KPMG has published the findings of its recent Cyber Healthcare & Life Sciences Survey. The survey was conducted on 100 individuals with responsibility for information security at healthcare providers and payers with annual revenues in excess of $500 million.
The survey, which was last conduced in 2015, shows that over the past two years there has been a 10-percentage point increase in HIPAA data breaches. This year, 47% of healthcare providers and health insurers said they had experienced at least one HIPAA data breach in the past two years.
While HIPAA data breaches have increased, readiness to deal with breaches has improved. In 2015, 16% of respondents said they were completely ready to deal with a HIPAA data breach. This year, 35% of respondents said they were completely ready. While this is a significant improvement, 65% of healthcare organizations are still not ready to deal with HIPAA data breaches even though the frequency of cyberattacks and insider incidents has significantly increased over the past two years.
2016 was a record year for healthcare data breaches, with more incidents reported to the HHS’ Office for Civil Rights than any other year since details of data breaches started being made public. Dion Sheidy, Healthcare Advisory Leader at KPMG, said healthcare organizations that do not fully appreciate the seriousness of cybersecurity risks are on ‘treacherous ground.’
If healthcare organizations are to improve their defenses against cyberattacks and insider incidents, the C-Suite must take an active interest in improving defenses and not leave cybersecurity to their IT departments. Yet, over the past two years, there has been a decrease in healthcare organizations that view cybersecurity as an issue for the board. In 2015, 87% of respondents said cybersecurity was a board matter. In 2016 the figure had dropped to 79%.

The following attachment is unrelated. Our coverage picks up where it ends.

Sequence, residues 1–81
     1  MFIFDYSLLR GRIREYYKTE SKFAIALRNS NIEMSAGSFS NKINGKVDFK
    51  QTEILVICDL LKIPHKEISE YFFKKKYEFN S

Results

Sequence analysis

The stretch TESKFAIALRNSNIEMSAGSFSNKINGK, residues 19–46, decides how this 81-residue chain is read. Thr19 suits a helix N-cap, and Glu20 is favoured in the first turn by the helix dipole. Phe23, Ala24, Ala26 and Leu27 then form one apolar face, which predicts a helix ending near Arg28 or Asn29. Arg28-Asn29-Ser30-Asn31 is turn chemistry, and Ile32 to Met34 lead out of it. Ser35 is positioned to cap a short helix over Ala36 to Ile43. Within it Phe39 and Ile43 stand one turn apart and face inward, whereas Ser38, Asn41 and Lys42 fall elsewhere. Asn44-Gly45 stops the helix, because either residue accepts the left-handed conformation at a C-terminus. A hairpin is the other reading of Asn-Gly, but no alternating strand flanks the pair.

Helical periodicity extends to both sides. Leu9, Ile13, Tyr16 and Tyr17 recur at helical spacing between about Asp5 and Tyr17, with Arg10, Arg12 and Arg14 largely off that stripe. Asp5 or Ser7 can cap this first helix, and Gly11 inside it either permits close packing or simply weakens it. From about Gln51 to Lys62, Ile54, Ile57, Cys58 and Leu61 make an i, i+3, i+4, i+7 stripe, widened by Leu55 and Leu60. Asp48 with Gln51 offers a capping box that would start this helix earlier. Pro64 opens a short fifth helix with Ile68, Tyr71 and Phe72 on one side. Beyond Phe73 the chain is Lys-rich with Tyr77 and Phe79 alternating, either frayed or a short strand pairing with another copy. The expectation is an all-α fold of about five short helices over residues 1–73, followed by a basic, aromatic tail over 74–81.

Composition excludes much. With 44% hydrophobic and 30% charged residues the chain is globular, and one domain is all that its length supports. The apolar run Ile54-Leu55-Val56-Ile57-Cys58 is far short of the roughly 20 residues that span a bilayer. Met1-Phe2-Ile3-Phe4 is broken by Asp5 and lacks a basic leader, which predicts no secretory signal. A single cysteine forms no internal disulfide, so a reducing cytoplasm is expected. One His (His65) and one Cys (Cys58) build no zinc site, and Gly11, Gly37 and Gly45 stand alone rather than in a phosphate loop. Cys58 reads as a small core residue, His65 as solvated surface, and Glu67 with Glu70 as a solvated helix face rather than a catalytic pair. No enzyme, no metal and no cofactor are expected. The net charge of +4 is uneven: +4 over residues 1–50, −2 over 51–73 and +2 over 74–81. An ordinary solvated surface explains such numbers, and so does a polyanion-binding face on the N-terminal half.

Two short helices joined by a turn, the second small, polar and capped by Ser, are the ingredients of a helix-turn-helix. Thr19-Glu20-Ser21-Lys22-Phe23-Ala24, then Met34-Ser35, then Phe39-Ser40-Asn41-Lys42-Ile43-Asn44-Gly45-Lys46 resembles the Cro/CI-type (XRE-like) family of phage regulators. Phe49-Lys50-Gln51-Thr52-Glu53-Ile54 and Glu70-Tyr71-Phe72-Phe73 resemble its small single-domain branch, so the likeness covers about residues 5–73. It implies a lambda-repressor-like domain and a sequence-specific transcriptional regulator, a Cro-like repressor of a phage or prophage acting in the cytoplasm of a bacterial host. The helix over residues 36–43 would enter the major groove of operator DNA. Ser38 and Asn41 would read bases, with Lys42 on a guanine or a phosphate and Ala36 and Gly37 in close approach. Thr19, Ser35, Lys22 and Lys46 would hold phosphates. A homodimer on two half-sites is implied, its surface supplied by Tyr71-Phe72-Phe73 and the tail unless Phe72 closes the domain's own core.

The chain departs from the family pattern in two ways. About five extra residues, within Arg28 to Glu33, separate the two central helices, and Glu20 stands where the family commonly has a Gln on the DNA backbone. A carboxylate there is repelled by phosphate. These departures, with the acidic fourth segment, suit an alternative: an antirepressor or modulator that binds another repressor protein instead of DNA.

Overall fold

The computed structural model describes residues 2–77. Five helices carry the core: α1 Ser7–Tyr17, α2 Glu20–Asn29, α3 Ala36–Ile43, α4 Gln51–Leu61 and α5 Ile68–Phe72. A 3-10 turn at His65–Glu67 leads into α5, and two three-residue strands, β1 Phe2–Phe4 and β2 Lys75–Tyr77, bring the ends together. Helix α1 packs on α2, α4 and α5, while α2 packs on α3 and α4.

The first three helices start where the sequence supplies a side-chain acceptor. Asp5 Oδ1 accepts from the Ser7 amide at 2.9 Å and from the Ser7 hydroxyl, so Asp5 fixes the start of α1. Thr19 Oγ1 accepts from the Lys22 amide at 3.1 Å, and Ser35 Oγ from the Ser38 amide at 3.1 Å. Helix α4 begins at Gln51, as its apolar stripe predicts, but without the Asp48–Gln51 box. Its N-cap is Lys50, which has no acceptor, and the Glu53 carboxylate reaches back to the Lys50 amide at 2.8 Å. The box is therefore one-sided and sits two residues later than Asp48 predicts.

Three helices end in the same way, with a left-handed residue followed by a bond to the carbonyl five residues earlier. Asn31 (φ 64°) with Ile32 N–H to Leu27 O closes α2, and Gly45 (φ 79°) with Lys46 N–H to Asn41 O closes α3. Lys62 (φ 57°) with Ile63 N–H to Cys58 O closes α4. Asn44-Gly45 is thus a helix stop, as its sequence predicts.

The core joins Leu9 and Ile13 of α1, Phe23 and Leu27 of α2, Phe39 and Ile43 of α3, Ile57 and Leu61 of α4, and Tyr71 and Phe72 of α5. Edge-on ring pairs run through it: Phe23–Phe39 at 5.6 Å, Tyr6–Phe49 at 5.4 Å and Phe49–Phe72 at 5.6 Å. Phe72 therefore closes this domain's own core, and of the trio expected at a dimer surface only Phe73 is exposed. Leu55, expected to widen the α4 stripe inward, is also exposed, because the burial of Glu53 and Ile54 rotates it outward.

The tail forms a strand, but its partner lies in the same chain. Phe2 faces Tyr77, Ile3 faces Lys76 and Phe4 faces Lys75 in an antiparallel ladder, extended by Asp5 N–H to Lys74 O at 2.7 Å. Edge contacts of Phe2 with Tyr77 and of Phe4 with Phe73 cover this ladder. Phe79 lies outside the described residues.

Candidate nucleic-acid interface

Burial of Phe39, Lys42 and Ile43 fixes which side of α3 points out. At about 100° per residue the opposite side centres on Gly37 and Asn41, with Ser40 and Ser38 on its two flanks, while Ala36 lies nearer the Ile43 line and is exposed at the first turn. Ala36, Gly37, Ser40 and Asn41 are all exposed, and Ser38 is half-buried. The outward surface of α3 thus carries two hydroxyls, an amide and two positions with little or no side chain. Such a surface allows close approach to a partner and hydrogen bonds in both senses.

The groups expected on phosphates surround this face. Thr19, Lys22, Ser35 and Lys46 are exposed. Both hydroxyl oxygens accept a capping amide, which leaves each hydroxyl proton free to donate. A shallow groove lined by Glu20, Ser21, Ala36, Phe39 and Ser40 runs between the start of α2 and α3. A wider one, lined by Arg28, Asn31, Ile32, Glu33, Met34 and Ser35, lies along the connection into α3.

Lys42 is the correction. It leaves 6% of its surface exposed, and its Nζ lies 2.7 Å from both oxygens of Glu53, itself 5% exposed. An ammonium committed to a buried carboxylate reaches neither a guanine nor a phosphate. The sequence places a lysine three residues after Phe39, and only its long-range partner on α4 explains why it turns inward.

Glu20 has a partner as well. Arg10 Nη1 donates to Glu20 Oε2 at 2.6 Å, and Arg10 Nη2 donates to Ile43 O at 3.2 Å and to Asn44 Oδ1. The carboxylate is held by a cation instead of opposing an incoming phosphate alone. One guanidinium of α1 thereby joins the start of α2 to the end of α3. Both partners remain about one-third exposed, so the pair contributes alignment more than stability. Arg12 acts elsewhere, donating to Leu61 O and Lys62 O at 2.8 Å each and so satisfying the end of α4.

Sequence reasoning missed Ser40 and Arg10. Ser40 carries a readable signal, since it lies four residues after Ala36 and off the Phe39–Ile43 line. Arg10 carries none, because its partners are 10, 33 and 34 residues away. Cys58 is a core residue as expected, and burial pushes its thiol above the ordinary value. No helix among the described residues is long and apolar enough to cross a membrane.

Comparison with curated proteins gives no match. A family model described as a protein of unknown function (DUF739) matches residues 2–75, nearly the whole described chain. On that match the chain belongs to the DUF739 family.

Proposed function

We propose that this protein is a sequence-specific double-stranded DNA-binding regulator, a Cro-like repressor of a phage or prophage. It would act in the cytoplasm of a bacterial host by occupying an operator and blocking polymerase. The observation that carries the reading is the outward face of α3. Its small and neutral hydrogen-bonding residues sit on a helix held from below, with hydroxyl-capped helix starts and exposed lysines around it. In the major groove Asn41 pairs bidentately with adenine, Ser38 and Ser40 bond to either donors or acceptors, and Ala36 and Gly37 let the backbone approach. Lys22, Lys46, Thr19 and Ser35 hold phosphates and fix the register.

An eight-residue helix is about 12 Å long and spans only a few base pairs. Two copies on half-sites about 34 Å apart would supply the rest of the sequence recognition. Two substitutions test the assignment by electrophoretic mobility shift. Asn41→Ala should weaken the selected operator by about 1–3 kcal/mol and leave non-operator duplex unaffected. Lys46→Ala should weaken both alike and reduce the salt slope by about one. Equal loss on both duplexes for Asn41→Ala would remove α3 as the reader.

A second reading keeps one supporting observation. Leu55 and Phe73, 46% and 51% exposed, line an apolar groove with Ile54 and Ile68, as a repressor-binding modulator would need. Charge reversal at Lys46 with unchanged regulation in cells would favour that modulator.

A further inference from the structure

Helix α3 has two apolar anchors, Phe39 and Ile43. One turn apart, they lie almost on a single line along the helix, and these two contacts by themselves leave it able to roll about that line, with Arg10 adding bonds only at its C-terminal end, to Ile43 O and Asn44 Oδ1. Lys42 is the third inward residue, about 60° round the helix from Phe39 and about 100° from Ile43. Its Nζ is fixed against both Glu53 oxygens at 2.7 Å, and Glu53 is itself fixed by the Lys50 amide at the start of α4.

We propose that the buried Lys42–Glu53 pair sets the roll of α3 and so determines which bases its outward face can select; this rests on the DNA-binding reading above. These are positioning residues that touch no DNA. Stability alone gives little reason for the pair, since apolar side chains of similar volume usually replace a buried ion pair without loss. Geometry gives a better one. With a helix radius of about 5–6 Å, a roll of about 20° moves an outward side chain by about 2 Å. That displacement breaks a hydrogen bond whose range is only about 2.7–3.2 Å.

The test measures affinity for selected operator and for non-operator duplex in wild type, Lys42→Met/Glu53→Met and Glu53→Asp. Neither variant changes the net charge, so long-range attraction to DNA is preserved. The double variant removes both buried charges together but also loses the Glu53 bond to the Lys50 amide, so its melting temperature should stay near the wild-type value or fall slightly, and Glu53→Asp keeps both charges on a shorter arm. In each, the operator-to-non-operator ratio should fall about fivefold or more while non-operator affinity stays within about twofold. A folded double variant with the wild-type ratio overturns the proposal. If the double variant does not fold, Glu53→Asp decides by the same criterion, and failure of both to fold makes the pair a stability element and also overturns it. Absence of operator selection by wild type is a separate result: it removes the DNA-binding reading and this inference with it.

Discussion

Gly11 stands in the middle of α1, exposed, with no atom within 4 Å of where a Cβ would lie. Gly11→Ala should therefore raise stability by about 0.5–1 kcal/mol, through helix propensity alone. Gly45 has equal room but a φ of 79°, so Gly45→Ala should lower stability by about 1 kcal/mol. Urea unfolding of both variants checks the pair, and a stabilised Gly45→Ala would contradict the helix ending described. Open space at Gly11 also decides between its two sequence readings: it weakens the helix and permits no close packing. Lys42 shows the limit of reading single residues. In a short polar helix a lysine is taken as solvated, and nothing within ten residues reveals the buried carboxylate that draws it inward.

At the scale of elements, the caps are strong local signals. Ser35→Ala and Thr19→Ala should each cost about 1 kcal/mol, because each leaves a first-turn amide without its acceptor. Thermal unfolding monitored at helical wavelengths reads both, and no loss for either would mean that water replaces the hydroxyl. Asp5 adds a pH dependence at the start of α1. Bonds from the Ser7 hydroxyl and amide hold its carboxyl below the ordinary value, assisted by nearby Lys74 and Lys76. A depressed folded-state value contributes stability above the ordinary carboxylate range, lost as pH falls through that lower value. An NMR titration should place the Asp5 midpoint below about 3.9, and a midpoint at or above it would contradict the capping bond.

The survey also revealed there has been a decrease in investment in cybersecurity defenses. Investment in information protection in the past 12 months was only reported by 66% of respondents, whereas in 2015, 88% of respondents said they had invested in that area in the past year.
Investment in technology to improve cybersecurity defenses is a priority for 76% of respondents, who will be purchasing new technology in the next 12 months. 83% are investing time and resources updating policies and processes on data access, and 41% said they will be investing in hiring and training staff.
Two years ago, ransomware was not a major issue. That has now changed. In the past 12 months, 32% of respondents said ransomware had found its way into their systems. This does not tie in with the reports provided to the Office for Civil Rights. Many healthcare organizations are choosing not to report ransomware incidents, even though OCR has issued guidance confirming ransomware is usually a HIPAA breach.
Out of the respondents that said they had experienced a ransomware attack, 41% said they paid the ransom to regain access to their data. Only 19% said they are working with law enforcement and are pursuing criminal actions.
When asked about the biggest cybersecurity threats and vulnerabilities, 63% believed the biggest vulnerability was data sharing with third parties. Internet-enabled devices also ranked highly. Device manufacturers, biotech firms and pharma companies said the biggest threat was state-sponsored hackers. Individual hackers were rated as a major threat by 49% of respondents, with hacktivists rated as the top threat by 47% of respondents.
The main targets for hackers were believed to be financial information (69%), followed by patient/clinical research (63%), competitive market analyses (49%), the PII of employees (45%), and patient data (30%).